Could anyone please give some important differences between KANBAN and SCRUM with respect to testing? Any examples are most welcome.
With respect to testing they are the same.
Kanban and Scrum are both iterative Agile development models, the goal is to get the most important tasks fully done (including testing) as soon as possible. The product should be potentially shippable at the end of the iteration. The difference is with Scrum the end is a set date, with Kanban it could be anytime the features that need releasing are done. In Scrum you plan a fixed period of time and with Kanban you plan just in time.
As there is no testing phase after a Scrum or Kanban iteration, the testing must be completed during the iteration, preferably during the story/task scope. It is therefore very important to automate all possible test work, because during the next iterations there won't be time to do a full manual regression (unless you scale-up your test efforts over-time accordingly). Often teams use XP practices to asure continuous quality. In order to find automation candidates apply time boxed manual exploratory testing methods. The automation is there to ensure old features keep working and the team can keep delivering new features in a sustainable pace.
Suggested books to reads are:
Kanban is not a software development methodology. It does not prescribe any method of development or testing. You use Kanban for visualizing - and improving - what you are already doing.
So, if you are currently a Scrum team, and have specific testing/ test automation practices, you can continue to use the same with Kanban as well. If you are using other methods, including iterative or waterfall, you can use the test processes that you use there.
Having said that, what @Niels has said makes perfect sense. We ourselves are a product development shop and use Kanban to build a Kanban product. When a developer picks a user story, they not only write the code for that, they also write the test case(s) to test them and automate them at the same time. Like @Niels said, we usually make a release when we have 20 items in our Done column! Usually, that works out to about 3 weeks cadence - which works perfectly for our SaaS customers.
What makes Kanban interesting is this aspect of it - that you could be continuously developing, integrating, testing and releasing at a cadence that you feel comfortable with - and so the whole concept of Continuous Delivery becomes much more 'natural' with Kanban.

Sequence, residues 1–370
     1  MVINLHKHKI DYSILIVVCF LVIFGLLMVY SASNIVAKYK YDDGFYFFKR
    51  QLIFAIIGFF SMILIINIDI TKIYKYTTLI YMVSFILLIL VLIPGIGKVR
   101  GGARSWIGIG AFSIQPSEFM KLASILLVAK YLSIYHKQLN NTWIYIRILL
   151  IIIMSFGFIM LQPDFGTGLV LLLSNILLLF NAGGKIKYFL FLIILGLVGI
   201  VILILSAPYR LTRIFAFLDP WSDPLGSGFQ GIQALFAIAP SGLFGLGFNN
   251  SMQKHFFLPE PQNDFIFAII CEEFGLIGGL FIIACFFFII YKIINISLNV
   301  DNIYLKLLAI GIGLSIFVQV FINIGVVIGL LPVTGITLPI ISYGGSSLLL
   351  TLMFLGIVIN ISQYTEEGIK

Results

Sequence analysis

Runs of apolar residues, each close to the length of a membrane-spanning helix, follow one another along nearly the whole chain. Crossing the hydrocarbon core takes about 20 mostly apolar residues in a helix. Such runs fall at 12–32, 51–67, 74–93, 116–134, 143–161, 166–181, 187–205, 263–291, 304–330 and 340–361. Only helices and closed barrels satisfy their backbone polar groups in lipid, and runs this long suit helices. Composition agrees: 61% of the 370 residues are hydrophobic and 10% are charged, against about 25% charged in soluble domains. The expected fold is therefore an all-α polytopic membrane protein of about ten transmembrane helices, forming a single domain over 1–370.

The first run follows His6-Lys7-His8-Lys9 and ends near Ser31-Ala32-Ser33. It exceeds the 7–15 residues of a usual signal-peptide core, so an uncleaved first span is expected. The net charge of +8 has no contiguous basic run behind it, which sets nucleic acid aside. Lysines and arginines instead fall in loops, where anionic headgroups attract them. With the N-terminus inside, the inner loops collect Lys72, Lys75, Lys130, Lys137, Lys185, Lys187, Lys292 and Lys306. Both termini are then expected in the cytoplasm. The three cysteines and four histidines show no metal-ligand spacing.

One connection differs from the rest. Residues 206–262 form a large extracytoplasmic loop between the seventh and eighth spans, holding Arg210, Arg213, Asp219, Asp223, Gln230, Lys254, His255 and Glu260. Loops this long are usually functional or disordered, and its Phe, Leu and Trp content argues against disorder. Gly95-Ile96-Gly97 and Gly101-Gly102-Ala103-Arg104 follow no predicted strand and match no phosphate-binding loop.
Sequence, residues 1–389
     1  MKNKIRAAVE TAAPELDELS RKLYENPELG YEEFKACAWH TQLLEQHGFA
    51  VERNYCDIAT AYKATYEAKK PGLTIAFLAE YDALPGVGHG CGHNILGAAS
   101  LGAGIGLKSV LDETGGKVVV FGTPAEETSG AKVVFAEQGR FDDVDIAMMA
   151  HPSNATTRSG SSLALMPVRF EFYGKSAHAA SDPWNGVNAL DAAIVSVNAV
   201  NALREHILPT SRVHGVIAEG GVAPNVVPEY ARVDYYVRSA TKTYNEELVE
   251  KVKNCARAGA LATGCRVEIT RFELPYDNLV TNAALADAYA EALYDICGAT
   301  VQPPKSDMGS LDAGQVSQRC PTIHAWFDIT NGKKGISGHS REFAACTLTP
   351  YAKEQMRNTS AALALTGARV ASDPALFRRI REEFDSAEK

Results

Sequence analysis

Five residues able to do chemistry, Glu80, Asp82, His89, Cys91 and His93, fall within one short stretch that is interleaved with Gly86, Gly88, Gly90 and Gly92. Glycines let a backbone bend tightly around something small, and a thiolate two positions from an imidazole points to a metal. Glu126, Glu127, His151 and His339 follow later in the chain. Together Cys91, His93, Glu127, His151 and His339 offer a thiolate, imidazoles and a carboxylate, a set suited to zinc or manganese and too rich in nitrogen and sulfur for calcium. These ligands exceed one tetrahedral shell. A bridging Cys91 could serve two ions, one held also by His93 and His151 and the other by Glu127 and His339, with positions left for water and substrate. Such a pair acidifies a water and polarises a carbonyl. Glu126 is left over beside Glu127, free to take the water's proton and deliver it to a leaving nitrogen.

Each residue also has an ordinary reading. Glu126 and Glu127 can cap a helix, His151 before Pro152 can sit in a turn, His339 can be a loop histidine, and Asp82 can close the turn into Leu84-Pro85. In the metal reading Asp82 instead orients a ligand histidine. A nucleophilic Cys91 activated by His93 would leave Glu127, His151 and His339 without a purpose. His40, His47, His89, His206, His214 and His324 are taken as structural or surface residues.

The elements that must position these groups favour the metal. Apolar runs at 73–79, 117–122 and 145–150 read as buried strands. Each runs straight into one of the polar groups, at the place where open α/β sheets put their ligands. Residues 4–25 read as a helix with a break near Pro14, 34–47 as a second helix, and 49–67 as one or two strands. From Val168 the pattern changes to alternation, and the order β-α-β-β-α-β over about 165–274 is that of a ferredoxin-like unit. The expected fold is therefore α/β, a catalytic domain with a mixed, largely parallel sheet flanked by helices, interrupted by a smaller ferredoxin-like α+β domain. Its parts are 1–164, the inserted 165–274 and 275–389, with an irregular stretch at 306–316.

If you haven't read it yet, I'd highly recommend reading David Anderson's book that is generally considered the Bible of Kanban - "Kanban: Successful Evolutionary Change for Your Technology Business". If you are interested in using Scrum with Kanban, you should read "Scrumban - Essays on Kanban Systems for Lean Software Development" by Corey Ladas. Finally, you may also find this blog post interesting - "The NextGen (Agile) Tester".
Few definitions to focus on before jumping onto the differences:
Agile – A structured and iterative framework to track and manage projects. This approach is used in managing software development projects. It allows cross-functional teams to collaborate on users expectations.
Kanban – A framework which utilizes visualization technique, limiting the number of tasks to be taken in “Work in Progress” column. The segregation of a similar type of tasks can be done here. To simplify it, allocate colours to tasks using the swimlanes.
Scrum – The approach followed here is breaking down a complex task into simpler smaller manageable pieces which are easy to collaborate upon by the respective owners of the scrum.
Similarities between Kanban and Scrum
Frameworks of agile methodologies
Used to track the progress of the project
Provide the team transparency in tracking the work progress
Make use of visualization
Differences between Kanban and Scrum
Roles – Scrum is dependent on the scrum owners and is worked upon by them respectively. Kanban is independent of cross-functional team members and parallel roles.
Release cycle – Scrum makes use of sprints whose duration varies from one week to two weeks. The user stories are then taken up for development, testing and bug fixes. Kanban does not follow any cycle and the process is continuous in nature.
Tracking parameters – Scrum makes use of velocity in planning upcoming sprints taking into account the complexity and number of user stories completed in the previous sprint. Kanban ensures limiting of user stories in “Work in Progress” column to avoid bottlenecks. It tracks the time taken to finish a task from the starting to the end.
The scope of improvement – Scrum does not encourage changes in ongoing sprints. Kanban is open to any changes before the completion of the project. It is flexible in nature.
Fit factor – Scrum is suitable for projects with clearly defined user stories. Acknowledgement on the same by the client for timely completion of the project makes it a fit. Kanban being flexible in nature allows variations in priorities on the basis of the current scenario.
Pick process – Scrum picks the entire batch of user stories from the product backlog for development. Kanban follows the maximum number of tasks allowed in the columns to maintain the sanity of the framework and to avoid bottlenecks.
Delivery – Scrum follows delivery based on sprint planning and prioritize based on the specifications given by the client.Kanban follows the continuous delivery model based on business needs.
The above points are easy to remember if you are able to visualize working on them. Ideally where the scrum follows a rather predefined set of principles. Kanban is backed up by the principle of flexibility. It allows you to track tasks that are of utmost importance for delivery.